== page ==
"Get ready for a major remodel fellas. We're back in hardware mode." -- Tony Stark.

Before we can use Java SE Embedded with our Skynet Big Data enabled Hexbug Spider robot, we need a little hardware hacking. Don't be afraid, just a little soldering.

Find the Hexbug Spider remote (little blue box pictured in the top of the photo). Carefully, use a small flat screwdriver and pry apart the four plastic tabs (two on each side). The top of the transmitter comes right off. Then flip it over and find the test points in the photo where we will solder wires onto.


There are 7 contact points:

 1: GND
 2: fwd: Forward
 3: +3.3v (power)
 4: bkwd: Backward
 5: left: Left
 6: channel: A/B select
 7: right: Right
Solder 7 5-inch pieces of wire (each marked differently or having a different color to identify them) on to each of the 7 contact points and run the 7 wires out of the channel hole of the case and snap it back together. Next, we'll connect those 7 wires to the Raspberry Pi so that our Java SE Embedded app can control the remote. Exciting already, eh? ;-)

Tuesday Jun 11, 2013

Skynet Big Data Demo Using Hexbug Spider Robot, Raspberry Pi, and Java SE Embedded (Part 1)

I'm still plugging away at RPi Oscilloscope benchmarking GPIO using Java Embedded in my spare time (stuck on getting NIO to work), but for now I need a break, so I'll go back to another cool use of GPIO using Java SE Embedded and a Raspberry Pi. Here are all the parts I just got for about $30.

I bought everything from RadioShack (except for the RPi), so you can do the same at home.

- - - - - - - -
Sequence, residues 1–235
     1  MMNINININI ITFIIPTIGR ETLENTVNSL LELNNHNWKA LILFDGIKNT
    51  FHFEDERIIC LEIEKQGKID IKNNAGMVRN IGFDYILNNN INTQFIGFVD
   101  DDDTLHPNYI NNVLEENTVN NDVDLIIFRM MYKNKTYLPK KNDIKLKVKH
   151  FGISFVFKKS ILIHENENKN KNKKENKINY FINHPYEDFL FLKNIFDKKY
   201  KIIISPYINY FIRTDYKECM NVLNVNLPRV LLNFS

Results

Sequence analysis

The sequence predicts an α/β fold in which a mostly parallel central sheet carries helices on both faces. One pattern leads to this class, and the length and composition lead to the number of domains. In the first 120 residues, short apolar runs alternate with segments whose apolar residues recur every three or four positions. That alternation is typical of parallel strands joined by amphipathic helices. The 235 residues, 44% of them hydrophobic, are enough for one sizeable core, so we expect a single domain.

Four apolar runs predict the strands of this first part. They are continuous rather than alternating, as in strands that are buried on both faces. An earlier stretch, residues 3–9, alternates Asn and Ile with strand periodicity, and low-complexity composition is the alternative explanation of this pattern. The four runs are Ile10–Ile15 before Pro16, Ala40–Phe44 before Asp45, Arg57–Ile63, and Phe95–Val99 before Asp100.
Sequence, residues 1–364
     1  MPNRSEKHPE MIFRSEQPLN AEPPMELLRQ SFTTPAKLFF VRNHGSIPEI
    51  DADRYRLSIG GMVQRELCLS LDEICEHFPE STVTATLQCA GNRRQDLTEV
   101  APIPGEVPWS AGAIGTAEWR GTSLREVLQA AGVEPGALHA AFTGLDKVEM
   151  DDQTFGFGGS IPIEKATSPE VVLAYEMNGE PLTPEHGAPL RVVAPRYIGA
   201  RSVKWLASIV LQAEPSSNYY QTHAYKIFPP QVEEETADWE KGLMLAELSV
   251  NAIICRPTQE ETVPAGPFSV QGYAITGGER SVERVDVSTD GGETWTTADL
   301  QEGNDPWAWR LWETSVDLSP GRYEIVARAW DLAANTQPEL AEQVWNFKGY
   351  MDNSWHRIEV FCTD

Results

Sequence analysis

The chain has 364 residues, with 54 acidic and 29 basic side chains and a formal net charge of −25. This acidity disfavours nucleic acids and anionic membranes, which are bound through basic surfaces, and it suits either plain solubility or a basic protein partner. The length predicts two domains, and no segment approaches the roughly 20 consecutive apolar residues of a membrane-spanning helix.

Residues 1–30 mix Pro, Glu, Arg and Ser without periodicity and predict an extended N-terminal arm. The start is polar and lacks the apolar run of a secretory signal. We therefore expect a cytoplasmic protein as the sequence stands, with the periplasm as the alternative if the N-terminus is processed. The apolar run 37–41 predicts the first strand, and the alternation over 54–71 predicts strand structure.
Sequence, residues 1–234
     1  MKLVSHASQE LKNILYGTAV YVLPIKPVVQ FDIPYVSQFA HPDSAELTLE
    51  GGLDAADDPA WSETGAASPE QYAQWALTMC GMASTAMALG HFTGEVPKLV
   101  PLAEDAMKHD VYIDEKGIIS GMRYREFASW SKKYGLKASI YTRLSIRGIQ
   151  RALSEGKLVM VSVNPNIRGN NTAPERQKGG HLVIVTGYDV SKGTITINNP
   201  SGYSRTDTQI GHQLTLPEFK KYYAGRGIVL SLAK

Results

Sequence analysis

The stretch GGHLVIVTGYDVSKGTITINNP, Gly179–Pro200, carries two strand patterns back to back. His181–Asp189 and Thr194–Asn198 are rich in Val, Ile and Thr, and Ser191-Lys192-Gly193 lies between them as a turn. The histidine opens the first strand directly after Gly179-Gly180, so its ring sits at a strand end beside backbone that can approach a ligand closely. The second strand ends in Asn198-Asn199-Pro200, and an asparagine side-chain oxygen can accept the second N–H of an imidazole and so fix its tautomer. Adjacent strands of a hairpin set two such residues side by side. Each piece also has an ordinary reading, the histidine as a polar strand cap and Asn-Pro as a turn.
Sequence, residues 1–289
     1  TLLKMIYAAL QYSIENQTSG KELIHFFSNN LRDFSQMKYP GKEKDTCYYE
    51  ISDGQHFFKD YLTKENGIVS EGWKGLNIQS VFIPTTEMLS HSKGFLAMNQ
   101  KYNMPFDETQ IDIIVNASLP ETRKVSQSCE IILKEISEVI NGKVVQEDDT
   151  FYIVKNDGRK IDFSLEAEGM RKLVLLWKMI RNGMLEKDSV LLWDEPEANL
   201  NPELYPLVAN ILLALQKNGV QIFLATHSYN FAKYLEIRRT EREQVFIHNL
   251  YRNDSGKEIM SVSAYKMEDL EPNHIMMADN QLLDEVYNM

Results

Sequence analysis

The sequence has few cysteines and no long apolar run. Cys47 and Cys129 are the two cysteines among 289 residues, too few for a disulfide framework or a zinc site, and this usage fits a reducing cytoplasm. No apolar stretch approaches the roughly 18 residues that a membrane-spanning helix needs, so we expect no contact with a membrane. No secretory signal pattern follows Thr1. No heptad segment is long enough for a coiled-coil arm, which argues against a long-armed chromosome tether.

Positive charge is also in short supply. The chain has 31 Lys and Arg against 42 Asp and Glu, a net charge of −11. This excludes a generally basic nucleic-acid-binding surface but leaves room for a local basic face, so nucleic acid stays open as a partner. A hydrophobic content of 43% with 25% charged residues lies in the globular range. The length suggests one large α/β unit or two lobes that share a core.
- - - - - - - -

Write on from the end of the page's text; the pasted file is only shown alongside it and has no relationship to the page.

Here is the list of parts:

 1: *Hexbug Spider Robot (60-013) 
    *ON SALE $5 off until 6/20/2013! 
 2: 100 Ohm resistors (271-1311)
 3: 10k Ohm resistors (271-1335)
 4: Jumper Wire Kit (276-173)
 5: NPN-Type Transistors (276-1617)
The goal is to use Skynet Big Data to make the Hexbug Spider robot move using a Java SE Embedded app running on the Raspberry Pi. So, this should be good... Go grab your RPi and buy these parts at your local 'Shack, then come back here for more instructions... :-D

Tuesday Jun 04, 2013

When your Machines Need to Talk with Other Machines, Use Java Embedded Tech

What happens when your devices need to talk to their data center, like when your squadron of HK-Aerials need to contact Skynet to find where the rebel humans are huddled? You use Oracle's Java Embedded technology, of course!


Oracle's Device to Data Center

Here's a quote:

 In this connected world, the 
 proliferation of intelligent 
 devices has created a market 
 for entirely new solutions 
 based on Machine-to-Machine 
 (M2M) technology. Organizations 
 need more innovative ways to 
 harness ever-increasing amounts 
 of data, and use it to drive 
 smarter decisions, enable new 
 services and business models, 
 and reduce costs.
In a world where your devices need the latest coordinates of the human infestation, turn to Java Embedded tech. It's the key to smooth M2M (Machine-to-Machine) communication.


Hinkmond Wong's blog on making the Internet of Things (IoT) smarter with Java Technologies